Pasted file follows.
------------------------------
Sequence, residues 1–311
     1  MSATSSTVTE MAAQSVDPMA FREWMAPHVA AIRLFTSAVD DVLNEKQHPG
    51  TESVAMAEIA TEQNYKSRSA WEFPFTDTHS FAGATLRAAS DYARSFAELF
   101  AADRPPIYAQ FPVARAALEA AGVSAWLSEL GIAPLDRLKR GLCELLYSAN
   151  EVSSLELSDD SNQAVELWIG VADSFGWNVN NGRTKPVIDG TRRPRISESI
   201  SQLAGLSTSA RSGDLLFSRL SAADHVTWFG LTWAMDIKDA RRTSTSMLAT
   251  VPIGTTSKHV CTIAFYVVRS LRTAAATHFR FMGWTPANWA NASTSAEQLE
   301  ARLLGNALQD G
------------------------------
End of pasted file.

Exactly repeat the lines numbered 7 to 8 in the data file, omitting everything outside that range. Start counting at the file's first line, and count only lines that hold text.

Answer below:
   251  VPIGTTSKHV CTIAFYVVRS LRTAAATHFR FMGWTPANWA NASTSAEQLE
   301  ARLLGNALQD G